- Text is 100% black, no use of other colors.
- Increased line spacing and font size.
- All courses / workshops are listed on the same page.
- Accommodations section has headlines separating the resources.
This was done to make the page as easy to read as possible.
Some other elements that are addressed include:
Typography & Color: The smallest font size is 16, most are above this. The text is the highest contrast possible, I refrained from using blue which is often difficult to read for elderly users.
Page Structure: Line spacing increased for easy reading. All courses are listed on 1 page to accommodate screen readers, and so elderly users don’t need to click around as much. Additionally, the headlines on the accommodations section make it faster to navigate the page and find what the user wants with a screen reader. All unnecessary images would contain no alt text for the same reason.
Common to all persona pages, the right-side news / events / community sections have curated content for the target persona(s) of the page. In this case, much of the news is focused around the sense of community found within the college and senior-specific opportunities.
High School Grad / Veteran Page
This page mainly focuses on the high school grad, but there is some carryover to the veteran desires. The focus desires of this page are:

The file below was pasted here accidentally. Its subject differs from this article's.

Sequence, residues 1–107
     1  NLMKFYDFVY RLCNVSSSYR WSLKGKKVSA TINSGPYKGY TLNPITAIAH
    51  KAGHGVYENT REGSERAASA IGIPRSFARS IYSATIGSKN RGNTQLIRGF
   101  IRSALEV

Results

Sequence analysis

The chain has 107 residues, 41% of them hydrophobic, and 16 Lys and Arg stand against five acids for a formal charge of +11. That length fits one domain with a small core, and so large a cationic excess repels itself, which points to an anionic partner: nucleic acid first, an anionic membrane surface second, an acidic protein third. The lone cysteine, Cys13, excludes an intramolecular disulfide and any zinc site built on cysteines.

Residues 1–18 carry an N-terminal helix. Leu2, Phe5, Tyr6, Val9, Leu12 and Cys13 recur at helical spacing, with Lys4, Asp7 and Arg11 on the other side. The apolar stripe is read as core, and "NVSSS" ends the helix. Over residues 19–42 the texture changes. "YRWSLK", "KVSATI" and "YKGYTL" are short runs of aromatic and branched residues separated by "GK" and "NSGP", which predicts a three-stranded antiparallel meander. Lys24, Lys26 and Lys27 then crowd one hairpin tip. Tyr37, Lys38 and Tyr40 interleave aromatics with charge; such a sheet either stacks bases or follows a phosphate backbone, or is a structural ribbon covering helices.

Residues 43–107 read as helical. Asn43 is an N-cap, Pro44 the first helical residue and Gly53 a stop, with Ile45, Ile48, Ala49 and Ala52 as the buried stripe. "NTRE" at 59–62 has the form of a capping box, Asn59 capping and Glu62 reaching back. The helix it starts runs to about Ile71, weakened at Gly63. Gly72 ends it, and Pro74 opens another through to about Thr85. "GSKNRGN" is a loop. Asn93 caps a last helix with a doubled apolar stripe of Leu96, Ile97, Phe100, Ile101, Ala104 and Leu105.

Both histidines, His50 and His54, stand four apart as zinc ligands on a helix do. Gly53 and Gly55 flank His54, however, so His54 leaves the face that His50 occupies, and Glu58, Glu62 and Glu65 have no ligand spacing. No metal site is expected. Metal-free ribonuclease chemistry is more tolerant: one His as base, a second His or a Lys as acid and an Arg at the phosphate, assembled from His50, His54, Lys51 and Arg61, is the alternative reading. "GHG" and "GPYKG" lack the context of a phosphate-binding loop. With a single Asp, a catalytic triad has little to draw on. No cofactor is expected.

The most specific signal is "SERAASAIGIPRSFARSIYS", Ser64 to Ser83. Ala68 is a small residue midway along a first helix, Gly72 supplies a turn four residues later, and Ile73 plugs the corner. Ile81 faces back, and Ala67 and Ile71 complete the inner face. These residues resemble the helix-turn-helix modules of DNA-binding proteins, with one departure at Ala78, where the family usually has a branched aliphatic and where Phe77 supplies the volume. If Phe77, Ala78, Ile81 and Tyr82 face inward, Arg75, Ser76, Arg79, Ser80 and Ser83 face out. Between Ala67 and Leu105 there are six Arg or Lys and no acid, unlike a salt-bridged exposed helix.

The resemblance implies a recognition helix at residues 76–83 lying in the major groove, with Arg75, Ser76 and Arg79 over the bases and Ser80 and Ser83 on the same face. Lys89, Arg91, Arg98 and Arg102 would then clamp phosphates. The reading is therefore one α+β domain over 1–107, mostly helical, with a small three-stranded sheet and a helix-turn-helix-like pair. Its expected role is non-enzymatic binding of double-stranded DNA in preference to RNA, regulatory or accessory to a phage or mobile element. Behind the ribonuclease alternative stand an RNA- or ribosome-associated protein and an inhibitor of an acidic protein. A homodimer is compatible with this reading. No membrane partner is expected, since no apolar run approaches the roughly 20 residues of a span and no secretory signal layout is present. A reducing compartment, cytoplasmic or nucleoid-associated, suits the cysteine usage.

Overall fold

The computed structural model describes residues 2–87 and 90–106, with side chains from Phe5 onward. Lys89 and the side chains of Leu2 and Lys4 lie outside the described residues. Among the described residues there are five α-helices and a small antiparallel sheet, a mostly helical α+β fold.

- Can I afford this? What financial aid options are available?
- Is there anyone who will help me navigate all of this?
- Not sure what to do with life since graduating high school / retiring from military.
- Can I succeed at this?
- For veteran – need to find a new job to support family, quickly.
- For high school grad – some shame at not being accepted to college like their friends.
As vision impairment isn’t so much of a concern on the other pages compared to the retirees, more colors are used, such as the school blue for headlines. Once again, emphasizing in the copy how smart of a decision community college can be.
There is a lot of stigma against trade jobs, despite being great options for many people, especially those not interested in academia. This page has a fair amount of copy to remove some of that shame. Also included is a quote from a famous figure for both authority and social proof to further solidify the case for trade jobs to potential students.
Parents / Veterans Page
The main concerns of the parent personas were: